Stuff

StuffHow often has a lousy bag of popcorn motivated you to do something worthwhile? Like never. Well, except for this once. Let’s just say my one and only once was inspired by my husband’s dry comment that perhaps the popcorn was lousy because the best-used-by date was 2009. Yikes! Time to clean out the pantry. By early  Saturday afternoon, the four deep shelves of our double door pantry were well organized with logically grouped items and alphabetized spice jars, the trash and recycle barrels were feeling well loved, and we were both cavalierly reluctant to cook anything lest this impressive orderliness be disturbed. Too much stuff and bother. Dinner out was delicious.

But the motivation didn’t end there. Teilhard de Chardin, a French philosopher and Jesuit priest trained in paleontology and geology, once said that we don’t dust to brighten things up; we dust to keep from being buried alive. Thus worried, I periodically thin out our stuff to keep from being buried alive by possessions that are no longer useful, meaningful, or, sadly, in vogue. So over the last few days I’ve moved from sun-room to studio to office to hall cupboards thinning stuff out. The archaeological layers of my interests and passions have been uncovered in this most recent excavation of stuff as I’ve decided what stays and what goes. Certain books that were must-haves because of where I was in my creative and spiritual journey – gone. Dishes and décor that represent a bygone fashion – gone. Never-gonna-make-that-no-matter-how-long-I-live projects – gone. I’ve exercised a gracious ruthlessness in letting go; the letting go of the possibility and potential that stuff inherently has that will bury me alive if I’m not careful.

On another level my cleaning out was motivated by a friend on Facebook who posted that she had gotten rid of one hundred things, and then mused it probably should have been one hundred things per room. I began to look in every room wondering what I could/would/should part with – decidedly different questions to ask oneself. I did something similar with my clothes a few years ago when a high school teacher friend had his students count all their items of clothing, including shoes, underwear, and accessories. He compared their average of over 400 items with the well below 100 items of most Third World countries. Curious, I counted my stuff and was convicted of a need to thin “the herd.” Other creative mentors have encouraged getting rid of 10% of one’s studio stash after coming home from a retreat in order to make room for new creativity. Both are don’t-bury-me-alive disciplines I try to cultivate. Let’s just say this time my ruthless unstuffing is gaining momentum as I begin my third one hundred.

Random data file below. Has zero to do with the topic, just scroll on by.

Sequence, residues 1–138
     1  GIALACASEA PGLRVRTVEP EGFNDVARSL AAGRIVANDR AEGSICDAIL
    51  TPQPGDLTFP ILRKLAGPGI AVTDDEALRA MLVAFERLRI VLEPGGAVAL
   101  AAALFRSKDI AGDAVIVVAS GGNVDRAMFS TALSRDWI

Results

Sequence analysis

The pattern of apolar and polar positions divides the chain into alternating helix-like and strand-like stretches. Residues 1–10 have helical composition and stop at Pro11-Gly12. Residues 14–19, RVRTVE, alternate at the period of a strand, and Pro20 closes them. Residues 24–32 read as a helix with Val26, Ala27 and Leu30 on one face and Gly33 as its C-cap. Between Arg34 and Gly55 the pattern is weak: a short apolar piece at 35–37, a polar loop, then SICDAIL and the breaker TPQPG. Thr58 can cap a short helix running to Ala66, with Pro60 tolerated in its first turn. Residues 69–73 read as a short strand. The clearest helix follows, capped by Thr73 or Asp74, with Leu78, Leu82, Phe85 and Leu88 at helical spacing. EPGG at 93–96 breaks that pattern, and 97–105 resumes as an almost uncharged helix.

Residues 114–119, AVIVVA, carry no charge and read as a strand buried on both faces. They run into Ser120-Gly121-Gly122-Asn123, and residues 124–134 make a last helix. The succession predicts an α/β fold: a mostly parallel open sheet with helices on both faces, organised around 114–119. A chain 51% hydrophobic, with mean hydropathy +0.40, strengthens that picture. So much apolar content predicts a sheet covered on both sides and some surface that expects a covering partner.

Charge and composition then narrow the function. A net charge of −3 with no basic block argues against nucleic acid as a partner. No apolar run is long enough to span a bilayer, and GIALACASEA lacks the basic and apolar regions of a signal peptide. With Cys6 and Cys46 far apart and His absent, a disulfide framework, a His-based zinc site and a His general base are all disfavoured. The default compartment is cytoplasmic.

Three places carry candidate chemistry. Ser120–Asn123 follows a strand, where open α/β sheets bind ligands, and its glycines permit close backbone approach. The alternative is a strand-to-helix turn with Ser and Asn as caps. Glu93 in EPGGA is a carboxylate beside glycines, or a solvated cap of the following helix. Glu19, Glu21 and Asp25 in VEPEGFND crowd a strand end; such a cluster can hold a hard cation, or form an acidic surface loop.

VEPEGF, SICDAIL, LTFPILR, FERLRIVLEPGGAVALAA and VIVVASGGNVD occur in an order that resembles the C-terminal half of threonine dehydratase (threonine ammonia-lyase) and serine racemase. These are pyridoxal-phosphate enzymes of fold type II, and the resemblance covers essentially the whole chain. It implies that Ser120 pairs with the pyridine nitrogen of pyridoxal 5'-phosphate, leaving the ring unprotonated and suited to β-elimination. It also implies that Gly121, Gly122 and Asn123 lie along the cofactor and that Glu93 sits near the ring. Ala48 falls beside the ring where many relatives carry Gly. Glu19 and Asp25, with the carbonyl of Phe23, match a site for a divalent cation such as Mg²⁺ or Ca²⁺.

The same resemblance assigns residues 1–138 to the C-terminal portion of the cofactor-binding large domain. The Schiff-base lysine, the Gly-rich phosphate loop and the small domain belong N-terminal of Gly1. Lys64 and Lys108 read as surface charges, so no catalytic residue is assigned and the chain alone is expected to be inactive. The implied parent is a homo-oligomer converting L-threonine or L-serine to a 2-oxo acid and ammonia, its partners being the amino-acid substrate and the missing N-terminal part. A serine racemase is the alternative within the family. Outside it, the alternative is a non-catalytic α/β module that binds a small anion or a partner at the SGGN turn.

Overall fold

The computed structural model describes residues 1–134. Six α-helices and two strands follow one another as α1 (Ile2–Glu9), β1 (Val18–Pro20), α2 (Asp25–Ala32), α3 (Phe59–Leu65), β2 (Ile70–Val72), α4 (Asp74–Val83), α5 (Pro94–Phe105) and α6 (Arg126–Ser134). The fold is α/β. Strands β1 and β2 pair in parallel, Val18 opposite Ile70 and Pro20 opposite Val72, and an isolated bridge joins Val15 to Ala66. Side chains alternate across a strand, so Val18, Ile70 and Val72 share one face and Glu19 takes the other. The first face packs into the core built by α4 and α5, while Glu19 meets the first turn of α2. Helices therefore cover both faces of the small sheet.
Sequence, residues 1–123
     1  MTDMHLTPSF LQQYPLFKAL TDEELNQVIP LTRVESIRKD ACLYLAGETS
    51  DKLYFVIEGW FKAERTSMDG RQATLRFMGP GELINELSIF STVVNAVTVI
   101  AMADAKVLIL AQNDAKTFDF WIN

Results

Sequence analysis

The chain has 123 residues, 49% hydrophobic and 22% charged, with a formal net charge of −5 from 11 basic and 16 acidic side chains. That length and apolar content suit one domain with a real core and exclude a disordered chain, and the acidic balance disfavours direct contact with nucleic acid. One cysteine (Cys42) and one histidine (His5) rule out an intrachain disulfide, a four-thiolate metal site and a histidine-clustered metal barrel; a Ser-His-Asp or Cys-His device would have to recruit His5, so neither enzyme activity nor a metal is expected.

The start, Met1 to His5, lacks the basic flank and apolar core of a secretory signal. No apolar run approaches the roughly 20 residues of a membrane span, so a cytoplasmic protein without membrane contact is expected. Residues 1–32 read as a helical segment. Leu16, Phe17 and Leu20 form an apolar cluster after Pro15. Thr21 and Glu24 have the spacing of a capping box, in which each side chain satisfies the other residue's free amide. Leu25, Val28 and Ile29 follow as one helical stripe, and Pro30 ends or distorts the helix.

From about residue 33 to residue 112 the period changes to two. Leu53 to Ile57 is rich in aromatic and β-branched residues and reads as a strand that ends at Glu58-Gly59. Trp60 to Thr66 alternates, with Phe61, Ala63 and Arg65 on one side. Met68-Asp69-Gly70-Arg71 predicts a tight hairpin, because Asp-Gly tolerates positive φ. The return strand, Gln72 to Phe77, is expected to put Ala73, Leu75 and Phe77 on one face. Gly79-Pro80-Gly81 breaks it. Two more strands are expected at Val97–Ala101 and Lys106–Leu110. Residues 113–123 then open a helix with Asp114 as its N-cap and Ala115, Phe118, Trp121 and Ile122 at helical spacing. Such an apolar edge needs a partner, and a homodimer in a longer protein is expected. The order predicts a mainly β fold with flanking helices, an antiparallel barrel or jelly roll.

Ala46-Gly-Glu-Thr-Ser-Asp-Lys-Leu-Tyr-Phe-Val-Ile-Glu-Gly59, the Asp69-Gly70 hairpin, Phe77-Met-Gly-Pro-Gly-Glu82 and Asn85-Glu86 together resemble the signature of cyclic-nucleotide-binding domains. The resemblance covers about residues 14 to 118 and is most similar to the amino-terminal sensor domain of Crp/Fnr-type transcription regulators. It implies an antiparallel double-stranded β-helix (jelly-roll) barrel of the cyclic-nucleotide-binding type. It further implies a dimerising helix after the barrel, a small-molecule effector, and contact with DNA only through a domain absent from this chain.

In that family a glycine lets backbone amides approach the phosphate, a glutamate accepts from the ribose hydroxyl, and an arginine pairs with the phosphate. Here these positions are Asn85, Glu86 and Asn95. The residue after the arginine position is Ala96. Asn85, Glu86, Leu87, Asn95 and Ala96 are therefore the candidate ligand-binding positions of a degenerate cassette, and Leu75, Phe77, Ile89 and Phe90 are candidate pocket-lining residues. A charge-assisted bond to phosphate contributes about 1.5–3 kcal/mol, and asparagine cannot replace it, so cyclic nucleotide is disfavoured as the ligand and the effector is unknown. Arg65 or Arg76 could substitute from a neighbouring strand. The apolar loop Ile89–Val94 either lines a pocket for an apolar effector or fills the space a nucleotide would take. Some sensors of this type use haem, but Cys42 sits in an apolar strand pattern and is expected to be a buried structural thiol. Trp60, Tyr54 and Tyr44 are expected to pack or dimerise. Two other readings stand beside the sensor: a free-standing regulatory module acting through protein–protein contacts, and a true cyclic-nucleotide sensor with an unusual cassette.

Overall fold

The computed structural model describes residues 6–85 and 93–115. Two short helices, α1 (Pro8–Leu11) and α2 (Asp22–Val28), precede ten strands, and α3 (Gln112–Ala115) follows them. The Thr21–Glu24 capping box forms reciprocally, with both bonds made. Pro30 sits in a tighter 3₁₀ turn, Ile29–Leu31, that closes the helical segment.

If you were to be graciously ruthless, what stuff could/would/should you get rid of? If you were to count all the items of your clothing, how many would you have? How many might you part with? If you were to make room for new creativity, what stuff would you let go of? If you have some strategies to keep from being buried alive, what are they?

Hey, I’m looking to be encouraged by y’all. Anxious to hear what you have to share.

 

8 comments to Stuff

  • Sadly, I’ve been thinking about the books that are piling up in my bedroom and office. IT’s time to thin the herd of author/mentors and keep what really matters. Hard to give up but us I’ll soon by buried under a pile of good things so that the best things for life right now will get lost in the dust.

    Today? Tomorrow? I think I’ll need to grieve first and then get excited to share the wealth with others. OK, ready, set…

  • oh dear, this is what i need to do too
    but it is all in my mind and almost never happens
    i am drowning – yet again – under a mountain of stuff